The Leviathan, a gas field offshore Israel, is undisputedly one of the largest gas discoveries in the Mediterranean Sea, and until the recent Zohr discovery in Egypt, it was THE largest discovery in the area.
Named after a Biblical sea monster, the Leviathan field was discovered in 2010, and operated by the U.S. oil and gas company Noble Energy, in partnership with Israeli Delek Group.
The field development plan, which entails a fixed platform off the coast of Israel, was given by the Israeli energy ministry’s approval last week, a step forward to first gas expected to be produced late in 2019, although no official start-up date has been given.
However, within the ministry’s approval, there was something else that raised eyebrows around the industry – the Leviathan size estimate.
In its statement last Thursday, the Ministry of National Infrastructures, Energy and Water Resources revealed around 20% lower than previous thought Leviathan gas reserves estimate.
The ministry said Leviathan held 17.6 trillion cubic feet of gas (or around 500 billion cubic meters), down from Noble Energy’s estimate of around 22 TCF (or around 620 billion cubic meters).
Furthermore, the energy ministry said that the gas amount estimate could be changed, as it was awaiting additional data, including the drilling results from the “Leviathan 5” well.
Responding to these reports however, on Sunday, June 5, in a filing to Tel Aviv stock exchange, the Israeli partners developing the field said the field reserves estimates remained unchanged.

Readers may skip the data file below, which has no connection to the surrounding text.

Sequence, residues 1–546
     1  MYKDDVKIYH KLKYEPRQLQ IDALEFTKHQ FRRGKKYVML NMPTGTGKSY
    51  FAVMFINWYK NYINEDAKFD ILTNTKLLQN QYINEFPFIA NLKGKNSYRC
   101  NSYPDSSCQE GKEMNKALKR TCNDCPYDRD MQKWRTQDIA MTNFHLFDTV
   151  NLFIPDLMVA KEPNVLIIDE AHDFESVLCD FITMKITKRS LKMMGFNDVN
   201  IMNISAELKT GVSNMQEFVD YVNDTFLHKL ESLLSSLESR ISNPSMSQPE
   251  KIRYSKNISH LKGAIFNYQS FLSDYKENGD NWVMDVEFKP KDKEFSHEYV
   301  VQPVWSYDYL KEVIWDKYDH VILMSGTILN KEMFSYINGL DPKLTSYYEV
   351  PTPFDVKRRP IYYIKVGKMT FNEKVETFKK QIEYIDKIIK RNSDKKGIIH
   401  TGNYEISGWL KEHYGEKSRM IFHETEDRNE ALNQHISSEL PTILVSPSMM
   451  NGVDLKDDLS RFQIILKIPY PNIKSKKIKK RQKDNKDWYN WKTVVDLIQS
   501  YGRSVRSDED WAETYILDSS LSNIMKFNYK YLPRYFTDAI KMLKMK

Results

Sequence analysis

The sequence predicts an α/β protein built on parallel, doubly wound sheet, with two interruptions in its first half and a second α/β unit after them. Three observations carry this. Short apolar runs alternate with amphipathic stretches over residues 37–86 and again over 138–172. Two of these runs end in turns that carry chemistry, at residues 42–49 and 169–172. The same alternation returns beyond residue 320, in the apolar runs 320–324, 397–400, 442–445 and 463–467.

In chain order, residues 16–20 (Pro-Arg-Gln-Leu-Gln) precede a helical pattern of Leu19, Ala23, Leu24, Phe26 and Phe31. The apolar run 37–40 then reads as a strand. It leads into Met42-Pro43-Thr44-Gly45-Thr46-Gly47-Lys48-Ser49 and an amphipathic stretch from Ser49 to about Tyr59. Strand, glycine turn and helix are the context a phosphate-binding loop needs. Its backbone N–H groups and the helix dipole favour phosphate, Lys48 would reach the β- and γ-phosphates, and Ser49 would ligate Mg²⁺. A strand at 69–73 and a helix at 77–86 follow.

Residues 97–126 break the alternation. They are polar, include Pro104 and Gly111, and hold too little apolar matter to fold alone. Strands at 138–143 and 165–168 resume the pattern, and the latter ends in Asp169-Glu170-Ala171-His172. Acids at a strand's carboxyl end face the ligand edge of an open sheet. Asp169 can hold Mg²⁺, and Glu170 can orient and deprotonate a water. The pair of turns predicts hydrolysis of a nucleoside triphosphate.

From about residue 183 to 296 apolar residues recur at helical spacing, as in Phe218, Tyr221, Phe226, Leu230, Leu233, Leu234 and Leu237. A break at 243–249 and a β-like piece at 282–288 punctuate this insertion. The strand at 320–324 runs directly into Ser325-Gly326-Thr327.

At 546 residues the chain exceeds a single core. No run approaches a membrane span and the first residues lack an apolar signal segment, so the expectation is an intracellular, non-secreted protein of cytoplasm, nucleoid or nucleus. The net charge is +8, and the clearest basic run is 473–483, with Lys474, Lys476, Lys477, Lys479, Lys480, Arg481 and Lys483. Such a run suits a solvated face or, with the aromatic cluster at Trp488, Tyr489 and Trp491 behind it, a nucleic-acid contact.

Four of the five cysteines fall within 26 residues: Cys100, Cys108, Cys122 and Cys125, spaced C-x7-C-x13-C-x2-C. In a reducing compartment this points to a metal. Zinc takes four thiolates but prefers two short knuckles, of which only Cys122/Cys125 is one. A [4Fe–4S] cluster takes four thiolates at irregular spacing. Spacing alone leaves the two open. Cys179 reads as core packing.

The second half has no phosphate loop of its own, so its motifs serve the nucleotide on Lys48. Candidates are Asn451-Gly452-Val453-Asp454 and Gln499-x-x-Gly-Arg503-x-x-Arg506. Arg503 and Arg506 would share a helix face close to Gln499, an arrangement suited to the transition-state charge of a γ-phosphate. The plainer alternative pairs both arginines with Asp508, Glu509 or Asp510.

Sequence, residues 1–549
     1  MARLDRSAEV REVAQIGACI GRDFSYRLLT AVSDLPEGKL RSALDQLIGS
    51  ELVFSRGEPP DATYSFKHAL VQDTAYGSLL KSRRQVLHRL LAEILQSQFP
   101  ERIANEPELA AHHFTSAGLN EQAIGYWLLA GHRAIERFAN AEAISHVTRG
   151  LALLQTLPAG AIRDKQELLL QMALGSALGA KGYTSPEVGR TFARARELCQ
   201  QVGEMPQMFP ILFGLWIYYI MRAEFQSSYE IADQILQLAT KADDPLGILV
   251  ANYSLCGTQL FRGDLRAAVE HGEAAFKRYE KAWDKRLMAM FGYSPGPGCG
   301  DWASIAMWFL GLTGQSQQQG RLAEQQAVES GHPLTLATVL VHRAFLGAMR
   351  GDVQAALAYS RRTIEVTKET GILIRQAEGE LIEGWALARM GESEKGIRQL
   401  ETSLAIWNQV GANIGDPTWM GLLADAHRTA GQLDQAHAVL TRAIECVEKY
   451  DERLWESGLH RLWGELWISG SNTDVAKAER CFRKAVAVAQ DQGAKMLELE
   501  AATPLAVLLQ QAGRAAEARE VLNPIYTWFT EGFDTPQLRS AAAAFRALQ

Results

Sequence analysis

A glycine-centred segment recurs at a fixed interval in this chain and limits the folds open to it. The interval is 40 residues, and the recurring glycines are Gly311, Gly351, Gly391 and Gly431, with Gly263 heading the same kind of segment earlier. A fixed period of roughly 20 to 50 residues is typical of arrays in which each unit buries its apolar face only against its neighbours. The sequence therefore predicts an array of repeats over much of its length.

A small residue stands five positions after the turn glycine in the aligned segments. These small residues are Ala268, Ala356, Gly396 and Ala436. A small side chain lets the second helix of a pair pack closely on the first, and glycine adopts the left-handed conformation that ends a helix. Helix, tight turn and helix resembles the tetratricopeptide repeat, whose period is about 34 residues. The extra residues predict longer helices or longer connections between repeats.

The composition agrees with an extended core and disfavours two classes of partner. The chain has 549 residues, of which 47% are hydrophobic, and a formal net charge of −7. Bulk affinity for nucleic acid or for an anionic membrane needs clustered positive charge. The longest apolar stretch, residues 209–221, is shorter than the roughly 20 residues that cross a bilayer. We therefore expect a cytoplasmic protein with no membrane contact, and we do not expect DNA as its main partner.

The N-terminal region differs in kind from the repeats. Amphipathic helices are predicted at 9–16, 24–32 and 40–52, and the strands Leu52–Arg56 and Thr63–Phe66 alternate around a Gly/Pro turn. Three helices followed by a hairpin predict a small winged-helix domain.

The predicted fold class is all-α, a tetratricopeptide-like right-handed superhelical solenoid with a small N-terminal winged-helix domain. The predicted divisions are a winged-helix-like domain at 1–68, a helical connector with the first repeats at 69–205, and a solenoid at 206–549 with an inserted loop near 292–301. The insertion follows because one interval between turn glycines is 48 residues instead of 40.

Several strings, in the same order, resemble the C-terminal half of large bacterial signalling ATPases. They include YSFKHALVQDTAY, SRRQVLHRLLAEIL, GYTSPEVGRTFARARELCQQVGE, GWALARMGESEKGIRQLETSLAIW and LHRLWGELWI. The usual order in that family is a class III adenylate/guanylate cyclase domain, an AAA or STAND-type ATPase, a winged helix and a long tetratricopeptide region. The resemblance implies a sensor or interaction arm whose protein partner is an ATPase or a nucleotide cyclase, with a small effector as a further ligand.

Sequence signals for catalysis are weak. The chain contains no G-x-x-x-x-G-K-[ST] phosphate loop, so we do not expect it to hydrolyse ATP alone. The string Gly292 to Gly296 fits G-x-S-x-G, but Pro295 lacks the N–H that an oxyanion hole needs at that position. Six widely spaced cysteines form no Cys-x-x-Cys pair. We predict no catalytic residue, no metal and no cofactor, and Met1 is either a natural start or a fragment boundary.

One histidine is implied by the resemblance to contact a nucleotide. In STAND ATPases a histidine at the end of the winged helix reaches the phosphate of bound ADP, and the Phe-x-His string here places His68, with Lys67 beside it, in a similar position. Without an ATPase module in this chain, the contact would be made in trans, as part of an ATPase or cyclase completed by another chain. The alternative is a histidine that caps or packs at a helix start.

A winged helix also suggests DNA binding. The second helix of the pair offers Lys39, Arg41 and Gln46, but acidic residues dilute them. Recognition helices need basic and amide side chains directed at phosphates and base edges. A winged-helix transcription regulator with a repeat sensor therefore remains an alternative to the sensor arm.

Offshore Energy Today has reached out to Noble Energy, the operator of the project, seeking clarification and more info.
In an e-mail to Offshore Energy Today, a Noble Energy spokesperson said: “Noble Energy engages world-class engineering firms to perform independent assessments of resources and reserves on our assets. We are confident in these reserve estimates, which are developed in accordance with the Society of Petroleum Engineering and U.S. SEC reporting standards.”
According to Noble Energy, Netherland, Sewell & Associates estimates Leviathan’s recoverable resources at 21.9 Tcf.
“We have drilled four wells and performed a flow test on the reservoir, and we have been producing a similar reservoir at the Tamar field for three years. The compilation of our drilling information, flow test data and production data from a similar field along with the independent assessment by Netherland Sewell gives us confidence in the recoverable resource estimate of 21.9 Tcf,” the Noble Energy spokesperson said.
Leviathan essential for energy security
While the ministry provided a differing opinion on the size of Leviathan, compared to the operator’s one, it still highlighted the importance of the field development for Israel.
Giving his approval last week, energy minister Yuval Steinitz said the Leviathan was essential for the country’s energy security and that gas from it would spur growth for the local economy. While the gas will supply the local needs, Steinitz also highlighted the fact that “after years of delays, the vision of Israel as a supplier of natural gas is on the way.”
Noble Energy operates Leviathan with a 39.66 percent working interest. Other interest owners are Delek Drilling with 22.67 percent, Avner Oil Exploration with 22.67 percent, and Ratio Oil Exploration (1992) Limited Partnership with the remaining 15 percent.
Offshore Energy Today Staff